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PCP Visits Associated with Smoking Cessation after Lung Cancer Diagnosis and Before Surgery


CHEST 2021

CHEST 2021: Among >7000 veterans diagnosed with lung cancer and scheduled for surgery, seeing a primary care doctor was linked to pre-operative quitting.


Among nearly 7500 patients in the Veterans Affairs (VA) health system who were identified as current or former smokers prior to undergoing lung cancer surgery, more than 4 in 10 (43%) continued to smoke—or had resumed smoking—one year later, according to findings presented at CHEST 2021, the American College of Chest Physicians' annual meeting held online October 17-20, 2021.

Moreover, those whose smoking persisted or had resumed at the 1-year follow-up, study authors report, were approximately 30% more likely to die in the succeeding years.

The study also found that for those who did stop smoking after a diagnosis and before lung resection, seeing a primary care physician was a factor in being able to quit

As context for their research, investigators led by Brendan Heiden, MD, of Washington University in St Louis, observe that a significant proportion of patients diagnosed with lung cancer are smoking at the time of surgery but that cancer registries do not collect post-surgical data on the prevalence of persistent smoking. The result, they write in the study abstract, is a gap in knowledge about the relationship between continued smoking and outcomes in early-stage lung cancer.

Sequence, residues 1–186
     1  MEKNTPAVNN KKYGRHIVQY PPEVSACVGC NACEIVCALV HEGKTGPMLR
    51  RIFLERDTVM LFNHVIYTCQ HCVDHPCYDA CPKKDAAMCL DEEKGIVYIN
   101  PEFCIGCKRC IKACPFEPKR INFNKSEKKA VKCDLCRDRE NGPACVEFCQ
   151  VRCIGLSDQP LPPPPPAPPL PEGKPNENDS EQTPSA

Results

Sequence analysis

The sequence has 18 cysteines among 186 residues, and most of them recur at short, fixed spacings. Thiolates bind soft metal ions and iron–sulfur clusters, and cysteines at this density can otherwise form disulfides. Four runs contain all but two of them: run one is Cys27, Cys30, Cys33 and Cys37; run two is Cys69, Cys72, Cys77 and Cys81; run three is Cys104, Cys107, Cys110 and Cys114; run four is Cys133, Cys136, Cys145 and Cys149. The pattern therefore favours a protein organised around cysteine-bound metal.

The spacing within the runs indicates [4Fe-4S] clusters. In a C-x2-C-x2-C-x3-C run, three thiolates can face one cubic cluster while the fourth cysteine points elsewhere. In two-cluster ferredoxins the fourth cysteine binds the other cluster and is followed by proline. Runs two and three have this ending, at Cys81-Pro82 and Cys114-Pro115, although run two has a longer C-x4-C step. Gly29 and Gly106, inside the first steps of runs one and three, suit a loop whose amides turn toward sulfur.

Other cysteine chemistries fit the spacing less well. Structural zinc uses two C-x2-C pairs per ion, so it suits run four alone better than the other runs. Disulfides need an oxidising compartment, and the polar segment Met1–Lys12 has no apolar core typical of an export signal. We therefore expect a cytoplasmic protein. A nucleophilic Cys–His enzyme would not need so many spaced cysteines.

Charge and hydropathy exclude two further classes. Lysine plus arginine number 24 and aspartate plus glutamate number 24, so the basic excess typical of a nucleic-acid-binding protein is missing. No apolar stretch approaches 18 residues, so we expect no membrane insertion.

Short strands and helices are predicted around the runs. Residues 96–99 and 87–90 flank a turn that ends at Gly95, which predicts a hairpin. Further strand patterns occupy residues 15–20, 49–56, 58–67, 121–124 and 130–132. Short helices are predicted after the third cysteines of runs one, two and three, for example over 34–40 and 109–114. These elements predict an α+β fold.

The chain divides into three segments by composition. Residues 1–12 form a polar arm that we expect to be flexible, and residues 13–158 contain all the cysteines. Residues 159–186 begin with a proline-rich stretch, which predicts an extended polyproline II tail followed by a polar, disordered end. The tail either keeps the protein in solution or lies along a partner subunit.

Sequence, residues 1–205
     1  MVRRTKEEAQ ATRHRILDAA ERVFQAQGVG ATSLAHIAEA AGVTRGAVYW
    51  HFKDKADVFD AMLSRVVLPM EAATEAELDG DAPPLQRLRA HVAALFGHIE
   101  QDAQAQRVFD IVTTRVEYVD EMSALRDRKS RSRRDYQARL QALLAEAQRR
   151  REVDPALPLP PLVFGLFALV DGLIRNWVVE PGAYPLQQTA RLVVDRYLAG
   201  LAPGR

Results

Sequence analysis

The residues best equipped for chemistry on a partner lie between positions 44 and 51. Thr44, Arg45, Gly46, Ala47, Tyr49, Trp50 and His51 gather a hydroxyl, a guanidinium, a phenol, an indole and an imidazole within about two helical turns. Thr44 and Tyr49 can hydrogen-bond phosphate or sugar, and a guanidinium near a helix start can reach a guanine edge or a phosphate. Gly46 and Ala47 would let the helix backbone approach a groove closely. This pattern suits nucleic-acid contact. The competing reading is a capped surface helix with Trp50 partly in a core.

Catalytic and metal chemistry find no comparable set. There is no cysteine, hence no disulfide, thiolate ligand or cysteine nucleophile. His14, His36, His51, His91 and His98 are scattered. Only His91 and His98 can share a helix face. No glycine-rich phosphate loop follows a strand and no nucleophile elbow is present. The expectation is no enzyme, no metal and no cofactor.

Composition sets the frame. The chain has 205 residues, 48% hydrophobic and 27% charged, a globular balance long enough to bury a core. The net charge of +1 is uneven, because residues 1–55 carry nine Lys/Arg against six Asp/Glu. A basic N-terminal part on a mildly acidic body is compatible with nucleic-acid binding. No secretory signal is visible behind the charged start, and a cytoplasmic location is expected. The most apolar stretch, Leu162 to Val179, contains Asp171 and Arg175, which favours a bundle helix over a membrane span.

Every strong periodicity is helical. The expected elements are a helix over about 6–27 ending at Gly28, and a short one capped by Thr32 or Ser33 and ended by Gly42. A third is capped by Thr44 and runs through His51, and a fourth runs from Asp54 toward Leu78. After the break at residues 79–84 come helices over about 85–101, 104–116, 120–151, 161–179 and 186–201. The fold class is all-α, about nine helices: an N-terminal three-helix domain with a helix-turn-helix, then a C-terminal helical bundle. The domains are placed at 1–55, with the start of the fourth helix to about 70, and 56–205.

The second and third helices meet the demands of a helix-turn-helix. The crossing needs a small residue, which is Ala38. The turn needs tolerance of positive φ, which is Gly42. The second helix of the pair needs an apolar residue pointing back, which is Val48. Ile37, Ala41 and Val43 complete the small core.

The retrospective cohort study Heiden and colleagues pursued enrolled 7536 veterans with clinical stage 1 non-small-cell lung cancer undergoing surgery between 2006 and 2016. Mean patient age at surgery was 67 years, nearly all were men and 82% were white. For purposes of analysis researchers defined persistent cigarette smoking as individuals who continued to smoke 1 year after surgery. Sociodemographic and treatment-related factors associated with persistent smoking were assessed in multivariable modeling and the relationship between persistent smoking and all-cause mortality also was assessed.

At the time of lung cancer diagnosis, 68% (5142) of participants reported current smoking. Of those, 11.3% (580) reported they had stopped smoking between diagnosis date and surgical intervention. The researchers found that the interventions during the pre-operative period that were associated with smoking cessation were being prescribed cessation medication (odds ratio [OR] 1.466, 95% CI 1.213-1.771), more frequent medical encounters (OR 1.007, 95% CI 1.002-1.012), and seeing a primary care physician (OR 1.408, 95% CI 1.139-1.740).

When they assessed persistent smoking at 1 year post-surgery, Heiden et al found more than half (56%) of participants who reported smoking when they were diagnosed continued to smoke with the strongest associations found for age (with older individuals less likely to smoke, OR 0.960, 95% CI 0.949-0.970), elevated Charlson comorbidity score (OR 1.049, 95% CI 1.011-1.089), and higher area deprivation index score (OR 1.007, 95% CI 1.002-1.011).

Patients who stopped smoking after diagnosis and before surgery were significantly less likely to be smoking 1-year post-surgery (OR 0.512, 95% CI 0.418-0.627). Median overall survival was significantly worse among participants who continued to smoke (73.1 months vs. 84.7 months, p<.001).

The authors urge health care providers, including surgeons, to “aggressively counsel patients regarding smoking cessation in the perioperative period,” suggesting that successful interventions can have a significant positive impact on early-stage lung cancer outcomes.

Reference: Heiden B, Eaton D, Chang SH, et al. Association between persistent cigarette smoking and oncologic outcomes in stage 1 non-small cell lung cancer following surgery. Chest. 2021;160(supplement):A1610.

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